Justice in the Long Halls: Jarvis Masters’ Hearing — Day 4

10 January 2011

The hearings continued today in the surreal surrounds of the Marin Civic Center. Jarvis Masters’ team called three witness. The first was co-counsel for defense at the original trial. His testimony was very brief, and, to me, a little obscure. But I have been learning how seemingly small, discrete facts weave into the larger fabric of a legal case over time.

Witness two was a retired private investigator with a long history in law enforcement and the California corrections system. His bona fides were carefully established by Chris Andrian. Then he was asked to testify about the structure and working principles of California prison gangs. Presumably, his testimony will fit into a complex narrative about Sgt. Burchfield’s murder, gang leadership, and how Jarvis, as a gang member under discipline at the time of the stabbing, would not have been included in any of the planning or action.

The third witness of the day was another current inmate. A compact man with a neat goatee, shackled and jump-suited, Witness 3 has been in the California prison system for thirty years straight, serving a life sentence. In 1985, he was housed on the second tier of San Quentin’s Carson Section, the unit where Burchfield was fatally attacked. This was compelling testimony, set off by the witness’s soft-spoken demeanor. At the heart of his testimony were two statements. First, that Jarvis Masters had voted in opposition to the killing of Sgt. Burchfield, corroborating Thursday’s testimony that Jarvis had been stripped of gang responsibilities for this opposition. Second, that the weapon used to make the spear used to kill Burchfield—a piece from the underneath brace of a bed frame—was entirely procured, shaped, sharpened, and assembled on the second tier, where it was used for the attack. Witness 3 insisted that at no time did this weapon leave the tier, nor did it make any sense for it to go back and forth among upper and lower tiers. The passing of weapons was and is a very risky business for the inmates. I would remind you that Jarvis was then housed on the fourth tier.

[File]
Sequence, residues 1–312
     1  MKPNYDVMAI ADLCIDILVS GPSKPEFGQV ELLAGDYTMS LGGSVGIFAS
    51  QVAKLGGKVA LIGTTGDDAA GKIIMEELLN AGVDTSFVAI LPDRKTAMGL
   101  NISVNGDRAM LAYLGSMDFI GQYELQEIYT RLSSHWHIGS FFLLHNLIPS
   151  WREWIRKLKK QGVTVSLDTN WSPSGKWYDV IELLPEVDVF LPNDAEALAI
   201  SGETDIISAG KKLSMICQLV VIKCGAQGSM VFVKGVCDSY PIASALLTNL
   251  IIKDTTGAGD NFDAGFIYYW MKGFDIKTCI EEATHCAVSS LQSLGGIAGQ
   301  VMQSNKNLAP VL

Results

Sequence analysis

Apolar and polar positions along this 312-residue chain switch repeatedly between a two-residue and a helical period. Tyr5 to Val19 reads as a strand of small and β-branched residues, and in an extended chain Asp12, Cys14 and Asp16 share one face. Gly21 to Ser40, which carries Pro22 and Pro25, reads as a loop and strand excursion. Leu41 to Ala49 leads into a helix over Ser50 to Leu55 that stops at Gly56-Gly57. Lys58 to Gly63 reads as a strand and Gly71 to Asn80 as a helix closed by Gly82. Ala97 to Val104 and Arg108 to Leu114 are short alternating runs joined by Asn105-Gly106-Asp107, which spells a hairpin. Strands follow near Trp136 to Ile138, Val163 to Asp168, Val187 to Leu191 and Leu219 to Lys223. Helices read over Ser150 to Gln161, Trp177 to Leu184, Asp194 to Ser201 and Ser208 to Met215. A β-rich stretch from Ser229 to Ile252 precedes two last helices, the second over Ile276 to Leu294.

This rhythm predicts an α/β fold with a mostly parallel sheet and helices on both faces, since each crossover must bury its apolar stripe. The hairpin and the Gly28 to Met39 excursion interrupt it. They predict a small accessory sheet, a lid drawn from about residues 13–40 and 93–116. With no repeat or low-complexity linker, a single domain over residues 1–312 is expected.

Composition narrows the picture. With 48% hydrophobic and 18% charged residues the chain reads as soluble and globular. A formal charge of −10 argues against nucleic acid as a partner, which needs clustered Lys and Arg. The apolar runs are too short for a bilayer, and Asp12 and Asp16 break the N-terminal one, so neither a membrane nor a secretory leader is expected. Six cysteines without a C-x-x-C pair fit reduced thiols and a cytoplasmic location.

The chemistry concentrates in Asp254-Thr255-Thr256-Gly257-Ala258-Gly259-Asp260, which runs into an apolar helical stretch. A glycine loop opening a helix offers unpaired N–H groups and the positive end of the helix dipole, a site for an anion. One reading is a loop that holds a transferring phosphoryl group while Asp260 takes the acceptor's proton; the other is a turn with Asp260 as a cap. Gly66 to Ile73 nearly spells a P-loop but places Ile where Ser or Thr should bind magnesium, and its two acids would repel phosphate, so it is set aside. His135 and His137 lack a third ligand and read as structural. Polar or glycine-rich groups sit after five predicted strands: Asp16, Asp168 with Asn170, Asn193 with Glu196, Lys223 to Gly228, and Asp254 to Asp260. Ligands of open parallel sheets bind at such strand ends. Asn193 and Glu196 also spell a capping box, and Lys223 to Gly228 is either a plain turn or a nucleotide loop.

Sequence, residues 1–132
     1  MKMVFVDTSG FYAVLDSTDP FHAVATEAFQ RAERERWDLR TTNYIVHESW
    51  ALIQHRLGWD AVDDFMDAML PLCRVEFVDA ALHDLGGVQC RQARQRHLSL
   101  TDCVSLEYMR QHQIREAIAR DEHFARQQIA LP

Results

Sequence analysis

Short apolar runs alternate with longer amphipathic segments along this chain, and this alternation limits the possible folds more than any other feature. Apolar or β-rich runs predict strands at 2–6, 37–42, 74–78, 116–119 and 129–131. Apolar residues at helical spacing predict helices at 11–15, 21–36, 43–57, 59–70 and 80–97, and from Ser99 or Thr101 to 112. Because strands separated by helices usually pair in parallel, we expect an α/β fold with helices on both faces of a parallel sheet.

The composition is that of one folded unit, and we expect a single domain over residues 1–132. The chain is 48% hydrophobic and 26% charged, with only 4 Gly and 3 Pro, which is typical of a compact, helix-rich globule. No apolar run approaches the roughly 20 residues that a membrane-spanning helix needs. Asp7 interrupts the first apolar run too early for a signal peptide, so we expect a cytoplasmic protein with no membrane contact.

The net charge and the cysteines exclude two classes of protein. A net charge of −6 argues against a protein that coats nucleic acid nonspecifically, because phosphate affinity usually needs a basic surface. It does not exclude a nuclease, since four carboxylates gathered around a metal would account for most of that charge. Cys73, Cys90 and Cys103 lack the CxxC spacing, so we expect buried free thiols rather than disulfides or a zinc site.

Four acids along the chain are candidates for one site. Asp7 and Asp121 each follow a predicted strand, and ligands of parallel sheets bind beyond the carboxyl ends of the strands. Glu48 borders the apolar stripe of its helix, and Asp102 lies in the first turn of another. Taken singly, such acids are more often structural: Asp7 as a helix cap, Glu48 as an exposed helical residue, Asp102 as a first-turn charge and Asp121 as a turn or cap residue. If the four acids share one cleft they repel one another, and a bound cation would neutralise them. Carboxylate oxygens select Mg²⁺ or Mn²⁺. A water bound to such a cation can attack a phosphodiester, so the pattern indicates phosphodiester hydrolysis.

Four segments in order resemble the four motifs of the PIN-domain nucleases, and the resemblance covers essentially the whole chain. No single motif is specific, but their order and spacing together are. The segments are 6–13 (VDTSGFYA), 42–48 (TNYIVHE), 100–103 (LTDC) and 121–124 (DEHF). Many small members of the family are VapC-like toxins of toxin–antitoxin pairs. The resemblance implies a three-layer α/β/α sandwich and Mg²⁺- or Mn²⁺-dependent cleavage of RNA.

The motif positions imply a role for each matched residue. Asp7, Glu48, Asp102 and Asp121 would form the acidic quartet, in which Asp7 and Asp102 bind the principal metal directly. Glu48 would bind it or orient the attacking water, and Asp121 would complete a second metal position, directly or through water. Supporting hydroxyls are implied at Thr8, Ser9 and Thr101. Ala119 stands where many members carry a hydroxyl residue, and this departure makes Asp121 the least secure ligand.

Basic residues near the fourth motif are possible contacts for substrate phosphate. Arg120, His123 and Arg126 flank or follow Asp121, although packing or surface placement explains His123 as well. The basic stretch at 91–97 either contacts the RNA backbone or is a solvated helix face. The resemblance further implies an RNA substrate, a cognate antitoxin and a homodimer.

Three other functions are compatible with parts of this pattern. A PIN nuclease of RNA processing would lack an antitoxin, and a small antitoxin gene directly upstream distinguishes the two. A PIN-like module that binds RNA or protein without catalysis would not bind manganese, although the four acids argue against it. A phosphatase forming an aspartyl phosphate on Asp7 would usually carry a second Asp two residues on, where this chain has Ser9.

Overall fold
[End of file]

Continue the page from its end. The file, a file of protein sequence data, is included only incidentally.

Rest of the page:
• The hearings are OFF tomorrow, Tuesday, resuming on Wednesday at 10am, Room L, Floor C, Marin County Court.

• Wednesday will probably be a short day, with only one witness on the list. But the witness roster is full for days that follow. See you in court.

• Jarvis Masters’ website is <http://www.freejarvis.org/>

— Alan Senauke

About asenauke

Zen Buddhist priest, activist, writer, father, musician
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2 Responses to Justice in the Long Halls: Jarvis Masters’ Hearing — Day 4

  1. Phil Coffin says:

    Frank Lloyd Wright designed these circular court rooms, I believe, to encourage eye contact, promote empathy, and to facilitate mutual understanding. So, as a loyal Frank Lloyd Wright fan, I’ve been looking around the courtroom at peoples eyes and body language. The more I consider everyone, the more the barriers of ‘us’ and ‘them’ break down. Whether we wear a robe, uniform + gunbelt, orange jumpsuits, or street clothes, everybody in that courtroom goes home at the end of the work, makes dinner, watches a little TV or reads, gets irritated in traffic, walks the dog maybe, talks on the phone, lives life. I might have sat next to the corrections officer at an A’s game. I might have been in line behind that attorney at the grocery store. My student could easily be the guy in the orange jumpsuit in 20 years. Just a little casual observation that came to me today, while this incredibly critical testimony was happening.

  2. Chester Howard says:

    Thanks for these important updates on Mr Masters

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